Miruku replaces animals with plants to create milk proteins – TechCrunch

Using the molecular farming process of Miruku, a New Zealand-based food technology company, it programs plant cells into mini-factories to produce proteins such as fats and sugars, which are traditionally produced by animals.

The company was founded in 2020 by Amos Palfreyman, Ira Bing, Harjinder Singh and Oded Shoseyov, all with dairy or plant science experience. Alternative milk protein technology is currently being developed in Miruku’s laboratories and greenhouses with corporate and R&D partnerships to make it widely applicable in geographic areas.

The approach involves breeding and developing plant crops to turn their cells into milk proteins, CEO Palfreyman explained. This is in contrast to spatial competitors, which use techniques such as precision fermentation, which cooks dairy products in fermentation chambers, and animal cells outside the animal itself to produce the building blocks of dairy products in breeding chambers.

Miruku differentiates itself by breeding new plants that grow real dairy building blocks directly into the plants themselves with the energy of the sun. In this sense, the company produces proteins more efficiently than cows, thus eliminating the role of the cow in reducing its dependence on animal husbandry and the resulting water, soil and atmospheric damage.

“Our protein ingredients make dairy products that not only taste and smell like real dairy products, but are also nutritional equivalents of dairy products,” he added. “They help build and restore the body with the same amino acid building blocks your body uses after eating and digesting a great cheese sandwich, and they function as a real dairy product in making and baking delicious things like cheesecake or delicious pecorino cheese.”

One of the challenges in food technology is to create enough protein, raw materials, or scaffolding to increase the size of the company, and for Miruku, “the challenge is to program a plant to express mammalian proteins in a way that preserves their structure and function, in fact. quite a technical challenge. Palfreyman remarked.

He explained that scaling plants will be easy: once you create a plant that expresses the target proteins, it will plant the seeds to increase production on a scale, whether it’s a handful in the greenhouse or hundreds of thousands in the field.

Where this becomes a bit complicated, it is the design and cultivation of selected traits that often requires a trade-off between energy use and expression levels. However, Palfreyman believes that applying Miruku’s computational biology and techno-economic analyzes to model optimal expression levels will address this side of the scalability equation.

The company is still under development, but Palfreyman targets two to three years before Miruku will market its proteins. But sooner they will have prototypes and proof of concept. He expects the first product to be likely to be a partnership with an existing food company to provide a protein component that the food company will introduce.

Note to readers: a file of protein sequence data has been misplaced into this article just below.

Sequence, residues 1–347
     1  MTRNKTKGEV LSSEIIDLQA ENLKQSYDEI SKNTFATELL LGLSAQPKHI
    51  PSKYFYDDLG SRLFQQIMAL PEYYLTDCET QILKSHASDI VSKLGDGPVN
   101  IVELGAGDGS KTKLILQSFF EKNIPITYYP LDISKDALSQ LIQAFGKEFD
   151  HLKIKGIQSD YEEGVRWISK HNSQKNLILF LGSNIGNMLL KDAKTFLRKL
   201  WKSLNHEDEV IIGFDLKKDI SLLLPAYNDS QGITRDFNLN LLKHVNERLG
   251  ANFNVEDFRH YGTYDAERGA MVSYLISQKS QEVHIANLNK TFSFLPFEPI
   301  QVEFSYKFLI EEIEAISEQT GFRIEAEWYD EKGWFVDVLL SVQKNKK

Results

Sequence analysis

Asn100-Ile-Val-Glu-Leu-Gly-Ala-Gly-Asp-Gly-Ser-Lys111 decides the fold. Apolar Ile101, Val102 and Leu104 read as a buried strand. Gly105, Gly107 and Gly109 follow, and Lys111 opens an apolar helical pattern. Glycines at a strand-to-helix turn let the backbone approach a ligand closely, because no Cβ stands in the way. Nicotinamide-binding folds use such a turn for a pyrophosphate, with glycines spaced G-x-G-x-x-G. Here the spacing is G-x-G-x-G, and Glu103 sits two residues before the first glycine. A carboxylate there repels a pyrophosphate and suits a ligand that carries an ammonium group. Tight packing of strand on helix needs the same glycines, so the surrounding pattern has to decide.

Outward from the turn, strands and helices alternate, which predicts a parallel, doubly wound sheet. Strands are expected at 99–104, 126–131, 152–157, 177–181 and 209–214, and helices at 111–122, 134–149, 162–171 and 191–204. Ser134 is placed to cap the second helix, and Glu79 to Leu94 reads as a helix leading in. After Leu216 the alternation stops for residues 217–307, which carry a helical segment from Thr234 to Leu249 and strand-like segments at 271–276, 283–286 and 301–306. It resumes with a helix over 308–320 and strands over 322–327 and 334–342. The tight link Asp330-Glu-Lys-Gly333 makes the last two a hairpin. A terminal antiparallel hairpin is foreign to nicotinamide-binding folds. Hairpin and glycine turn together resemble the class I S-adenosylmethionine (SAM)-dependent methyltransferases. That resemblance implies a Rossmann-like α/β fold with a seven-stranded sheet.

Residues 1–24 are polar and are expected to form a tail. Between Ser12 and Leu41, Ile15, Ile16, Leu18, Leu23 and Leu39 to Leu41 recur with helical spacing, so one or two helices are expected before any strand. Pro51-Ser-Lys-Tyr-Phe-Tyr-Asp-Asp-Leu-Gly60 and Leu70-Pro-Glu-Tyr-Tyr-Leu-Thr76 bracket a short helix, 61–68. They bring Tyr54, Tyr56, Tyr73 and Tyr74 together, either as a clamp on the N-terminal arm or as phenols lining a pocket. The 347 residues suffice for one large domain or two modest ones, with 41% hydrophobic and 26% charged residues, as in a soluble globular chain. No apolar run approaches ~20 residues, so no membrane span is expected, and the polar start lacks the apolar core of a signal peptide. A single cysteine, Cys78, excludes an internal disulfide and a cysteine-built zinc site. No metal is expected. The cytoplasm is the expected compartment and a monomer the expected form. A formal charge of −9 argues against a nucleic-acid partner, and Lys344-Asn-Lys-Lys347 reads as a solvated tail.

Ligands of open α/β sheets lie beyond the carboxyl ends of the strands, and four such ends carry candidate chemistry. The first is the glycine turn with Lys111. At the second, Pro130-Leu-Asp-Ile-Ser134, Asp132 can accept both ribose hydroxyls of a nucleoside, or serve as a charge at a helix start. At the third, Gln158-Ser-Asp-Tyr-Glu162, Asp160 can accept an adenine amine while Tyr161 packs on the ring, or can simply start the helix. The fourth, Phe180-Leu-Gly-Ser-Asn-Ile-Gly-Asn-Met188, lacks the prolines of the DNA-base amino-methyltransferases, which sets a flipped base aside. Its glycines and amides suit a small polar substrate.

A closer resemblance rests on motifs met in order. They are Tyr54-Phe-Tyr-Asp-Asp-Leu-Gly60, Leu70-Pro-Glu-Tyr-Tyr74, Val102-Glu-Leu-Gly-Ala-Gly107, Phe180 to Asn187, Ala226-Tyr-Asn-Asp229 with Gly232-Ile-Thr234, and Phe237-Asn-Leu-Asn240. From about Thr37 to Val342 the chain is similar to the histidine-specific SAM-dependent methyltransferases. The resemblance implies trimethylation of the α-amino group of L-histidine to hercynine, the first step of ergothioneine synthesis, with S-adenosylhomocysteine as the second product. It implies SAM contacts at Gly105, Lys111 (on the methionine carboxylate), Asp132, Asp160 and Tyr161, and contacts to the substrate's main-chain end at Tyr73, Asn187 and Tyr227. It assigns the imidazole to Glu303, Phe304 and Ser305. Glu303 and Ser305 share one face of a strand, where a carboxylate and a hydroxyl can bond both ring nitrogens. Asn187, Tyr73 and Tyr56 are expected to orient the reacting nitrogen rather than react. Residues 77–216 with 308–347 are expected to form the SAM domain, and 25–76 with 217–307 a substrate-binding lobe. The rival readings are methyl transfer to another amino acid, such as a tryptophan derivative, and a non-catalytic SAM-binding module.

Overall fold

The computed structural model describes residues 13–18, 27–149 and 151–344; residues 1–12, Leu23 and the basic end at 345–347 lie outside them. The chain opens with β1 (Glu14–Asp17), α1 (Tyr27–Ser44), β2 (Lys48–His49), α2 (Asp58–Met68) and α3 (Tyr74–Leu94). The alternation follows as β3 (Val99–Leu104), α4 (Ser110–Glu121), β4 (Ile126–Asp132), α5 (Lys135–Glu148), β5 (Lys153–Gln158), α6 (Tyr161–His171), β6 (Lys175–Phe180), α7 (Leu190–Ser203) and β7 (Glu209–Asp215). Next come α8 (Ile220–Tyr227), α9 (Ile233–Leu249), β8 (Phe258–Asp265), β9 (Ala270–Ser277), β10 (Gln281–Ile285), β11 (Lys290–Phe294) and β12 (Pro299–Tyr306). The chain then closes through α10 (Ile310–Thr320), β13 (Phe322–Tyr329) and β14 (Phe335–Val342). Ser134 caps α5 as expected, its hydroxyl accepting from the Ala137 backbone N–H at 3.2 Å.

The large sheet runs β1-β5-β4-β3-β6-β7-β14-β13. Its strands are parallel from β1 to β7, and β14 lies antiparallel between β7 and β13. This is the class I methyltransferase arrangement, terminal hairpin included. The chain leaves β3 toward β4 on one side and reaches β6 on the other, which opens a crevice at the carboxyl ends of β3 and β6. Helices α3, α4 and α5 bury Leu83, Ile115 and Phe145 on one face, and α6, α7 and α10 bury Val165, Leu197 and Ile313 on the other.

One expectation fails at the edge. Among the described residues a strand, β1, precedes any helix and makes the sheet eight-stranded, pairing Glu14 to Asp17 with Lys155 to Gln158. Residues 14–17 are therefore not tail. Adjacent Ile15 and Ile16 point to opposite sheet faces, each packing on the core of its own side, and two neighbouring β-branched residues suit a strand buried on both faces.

Nevertheless, Palfreyman advertises Miruk as the first molecularly managed dairy business in the Asia Pacific region. He joins other companies around the world, such as Nobell Foods, a molecular dairy company, NotCo, Climax Foods and Perfect Day, which are working on animal-free technology to capture the more than $ 500 billion dairy market. We’ve seen several of them provide venture capital funding in the last six months:

  • Better Dairy, which makes cheese using a precision fermentation model, raised $ 22 million in February;
  • The EVERY Company, which uses plants to make eggs, grabbed $ 175 million in December;
  • Perfeggt, which also makes eggs from plants, announced $ 2.8 million in November and extended the seed cycle by $ 3.9 million this month; and
  • Stockheld Dreamery, which makes legume cheese, earned $ 20 million in September.

The founders of Miruk were self-financing for the first 18 months and now receive $ 2.4 million in seed funding. The investment was led by Movac and includes Better Bite Ventures, Ahimsa Investments and Aspire Fund.

This will allow the company to embark on “serious scaling” once it finds the right partners, according to Palfreyman, to help connect the company with customers and build on the milestones of the next round, which it says will take place in 2023.

The new capital will be used to recruit additional technology staff, build partnerships and accelerate its development programs. Miruku has already doubled its headcount this year, and Palfreyman expects similar growth every year.

Miruku spread early in the big food companies that work with Miruku to develop products together. It also launches development programs in various geographical areas, some of which are related to the environment and climate, while others are about product types and partnerships with producers, formulators and brands.

“It’s good to say we’re still an early-stage company, but it’s no less accurate to say we’re moving fast and gaining great appeal with strategic partners close to consumer markets,” Palfreyman added. “Innovation and growth necessitate access to capital, and although we have just closed our first institutional sphere, we expect growth as a result in the not-too-distant future.”

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